Brian Malarkey

Posted in Culinary Arts on Jan 07, 2011


brian malarkey

About 3/4 of the way through my conversation with Brian Malarkey, I discovered that he is an expert multi-tasker…I’m talking way beyond standard-issue multi-tasker. At that moment in our conversation, he stopped to exchange a few words with a staff member in the kitchen of his new 7000 square foot San Diego restaurant, Searsucker. Before that pause, Brian seemed to be so singularly focused and present for our conversation that I had no clue he was in the middle of Searsucker’s busy lunch rush. (Kind of makes me re-think the idea that I could not possibly answer the phone while mixing up a box of mac n cheese for my own demanding diners at home…then again, demands from a hungry 4 year old and 2 year old might be equivalent to the collective needs of 99 adults.)

searsucker, brian's gorgeous & top-rated restaurant in san diego

Brian’s mastery of doing many things well at once (“well,” that’s key) is something that a great chef surely has to possess. If you’ve ever watched Top Chef, you know you have to be able to saute while making sate. (see Brian’s very honest answer in the q&a about what he thinks makes a great chef)

In addition to being a fantastic and artistic chef, Brian is highly entertaining to watch on television. His showmanship on season 3 of Top Chef made him a fan favorite and landed him his own show this season on TLC (Kick Off Cook Off.) He’s full of energy, which seems like a professional necessity as he works 12-14 hour days on his feet without eating a full meal. Speaking of meals, check out the recipe Brian shares at the end of this post — even the way he writes it up sounds like a party!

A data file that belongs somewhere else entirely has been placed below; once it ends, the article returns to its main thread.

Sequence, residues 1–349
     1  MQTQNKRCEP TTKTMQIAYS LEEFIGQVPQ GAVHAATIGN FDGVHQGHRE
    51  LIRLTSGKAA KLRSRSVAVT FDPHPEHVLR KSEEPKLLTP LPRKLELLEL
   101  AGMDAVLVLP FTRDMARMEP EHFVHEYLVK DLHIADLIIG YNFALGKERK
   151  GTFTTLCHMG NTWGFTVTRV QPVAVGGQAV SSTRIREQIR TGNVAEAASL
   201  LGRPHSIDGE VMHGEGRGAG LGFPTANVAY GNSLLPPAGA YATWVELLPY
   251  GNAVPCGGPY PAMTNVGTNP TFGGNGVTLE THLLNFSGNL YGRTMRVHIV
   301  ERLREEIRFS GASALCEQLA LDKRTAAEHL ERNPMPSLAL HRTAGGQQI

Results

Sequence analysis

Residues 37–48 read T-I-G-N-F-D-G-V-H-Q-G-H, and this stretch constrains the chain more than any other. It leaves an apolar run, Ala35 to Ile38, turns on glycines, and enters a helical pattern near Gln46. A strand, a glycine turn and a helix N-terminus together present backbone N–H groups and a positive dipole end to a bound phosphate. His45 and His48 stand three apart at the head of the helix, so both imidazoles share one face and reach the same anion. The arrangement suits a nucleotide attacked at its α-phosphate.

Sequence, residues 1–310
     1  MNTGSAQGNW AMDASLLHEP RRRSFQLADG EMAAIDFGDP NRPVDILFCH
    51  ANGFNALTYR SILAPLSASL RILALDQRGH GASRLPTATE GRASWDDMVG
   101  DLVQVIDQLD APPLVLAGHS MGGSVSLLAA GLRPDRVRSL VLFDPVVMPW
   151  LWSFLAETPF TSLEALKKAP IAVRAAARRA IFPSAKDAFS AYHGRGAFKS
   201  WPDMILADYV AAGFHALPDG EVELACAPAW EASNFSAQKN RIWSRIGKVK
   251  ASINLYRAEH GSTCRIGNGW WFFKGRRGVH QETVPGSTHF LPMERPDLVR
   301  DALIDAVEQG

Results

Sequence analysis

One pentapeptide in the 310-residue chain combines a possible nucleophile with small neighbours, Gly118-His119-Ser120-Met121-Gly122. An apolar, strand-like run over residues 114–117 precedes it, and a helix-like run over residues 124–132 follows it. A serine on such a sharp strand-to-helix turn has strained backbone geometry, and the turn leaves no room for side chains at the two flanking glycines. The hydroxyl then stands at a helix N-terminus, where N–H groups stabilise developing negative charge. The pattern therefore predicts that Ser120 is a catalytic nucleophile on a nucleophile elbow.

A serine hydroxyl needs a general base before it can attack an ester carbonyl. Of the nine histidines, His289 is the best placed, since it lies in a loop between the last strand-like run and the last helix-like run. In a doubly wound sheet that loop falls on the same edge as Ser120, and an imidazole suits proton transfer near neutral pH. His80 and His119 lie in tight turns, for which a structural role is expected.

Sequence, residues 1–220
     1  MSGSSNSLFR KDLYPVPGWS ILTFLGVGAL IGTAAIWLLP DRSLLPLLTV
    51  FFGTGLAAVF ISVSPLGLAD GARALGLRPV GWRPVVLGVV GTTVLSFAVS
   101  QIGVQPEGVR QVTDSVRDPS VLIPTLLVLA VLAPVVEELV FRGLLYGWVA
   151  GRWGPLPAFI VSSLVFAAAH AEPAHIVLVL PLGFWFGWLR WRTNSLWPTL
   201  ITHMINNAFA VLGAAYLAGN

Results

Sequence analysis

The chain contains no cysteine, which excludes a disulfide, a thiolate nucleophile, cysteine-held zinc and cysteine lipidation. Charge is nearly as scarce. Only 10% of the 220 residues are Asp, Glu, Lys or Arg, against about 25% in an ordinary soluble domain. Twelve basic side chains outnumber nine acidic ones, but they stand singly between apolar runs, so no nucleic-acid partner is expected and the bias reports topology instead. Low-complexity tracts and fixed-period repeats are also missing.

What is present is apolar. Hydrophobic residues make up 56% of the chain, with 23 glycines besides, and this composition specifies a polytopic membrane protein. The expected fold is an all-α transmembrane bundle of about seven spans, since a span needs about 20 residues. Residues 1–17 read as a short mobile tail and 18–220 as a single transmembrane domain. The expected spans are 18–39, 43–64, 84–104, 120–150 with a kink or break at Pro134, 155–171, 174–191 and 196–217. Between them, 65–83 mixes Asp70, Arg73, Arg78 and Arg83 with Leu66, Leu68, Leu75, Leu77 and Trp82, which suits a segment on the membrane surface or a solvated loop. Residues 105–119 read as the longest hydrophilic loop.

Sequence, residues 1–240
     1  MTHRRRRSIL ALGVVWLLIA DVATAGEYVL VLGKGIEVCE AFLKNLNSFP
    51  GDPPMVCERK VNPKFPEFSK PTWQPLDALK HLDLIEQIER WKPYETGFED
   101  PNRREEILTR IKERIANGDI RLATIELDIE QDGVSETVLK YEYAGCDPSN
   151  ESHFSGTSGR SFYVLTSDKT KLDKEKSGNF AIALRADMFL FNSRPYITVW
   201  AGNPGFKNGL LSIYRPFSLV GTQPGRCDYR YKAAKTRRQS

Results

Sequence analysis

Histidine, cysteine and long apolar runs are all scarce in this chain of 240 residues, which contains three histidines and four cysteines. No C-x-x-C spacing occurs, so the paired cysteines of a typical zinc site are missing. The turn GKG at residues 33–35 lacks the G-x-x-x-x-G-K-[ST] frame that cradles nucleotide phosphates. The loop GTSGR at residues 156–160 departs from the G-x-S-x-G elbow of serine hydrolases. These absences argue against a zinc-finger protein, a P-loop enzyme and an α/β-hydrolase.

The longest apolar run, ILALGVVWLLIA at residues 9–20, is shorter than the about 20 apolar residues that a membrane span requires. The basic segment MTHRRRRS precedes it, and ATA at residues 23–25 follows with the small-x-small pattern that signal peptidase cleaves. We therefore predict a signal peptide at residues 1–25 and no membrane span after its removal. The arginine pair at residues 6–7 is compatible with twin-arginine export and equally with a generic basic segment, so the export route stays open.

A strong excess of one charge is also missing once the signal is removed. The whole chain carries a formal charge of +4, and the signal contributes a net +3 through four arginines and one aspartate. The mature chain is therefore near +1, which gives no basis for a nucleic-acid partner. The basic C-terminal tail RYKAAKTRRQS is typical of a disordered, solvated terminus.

brian malarkey (photo by chantelle)

Brian continues to convert his dynamism into successes with more television possibilities in the works and plans to expand his restaurant, Searsucker, to more locations. Plus, he and his wife have 3 kids under 3! (I think Brian’s wife deserves a spa day week.) Brian’s story is most inspiring not only because his hard work pays off, but also because of the twists and turns his path to success takes…sometimes the best opportunities are the ones you could never imagine.


Did anyone influence your path into cooking?

There were influences in my family. I was raised by a single mom on a ranch in Oregon. We butchered cows so I learned about different cuts of meat and how to grill it. My dad had an industrial kitchen at his house and loved to cook. My grandmother lived on the coast in Gearhart, Oregon and entertained together with James Beard (“the dean of American Cookery.”) She had her own garden and introduced me to the concept of fine dining.

Did you train in a culinary school?

Not at first. Initially, I went to the University of Portland and then transferred to Santa Barbara (CA) City College where I studied theater. I liked it, but my father reminded me that I only had about a year and half left of the 4 years of tuition he’d offered me and I decided I needed to do something that would get me on a more certain career path. I enrolled at Le Cordon Bleu culinary school in Portland. It was a really broad experience – you learn everything from pastries to salads. I wasn’t a great student, but I worked hard and got through it, in part thanks to a friend I met at school who encouraged and mentored me.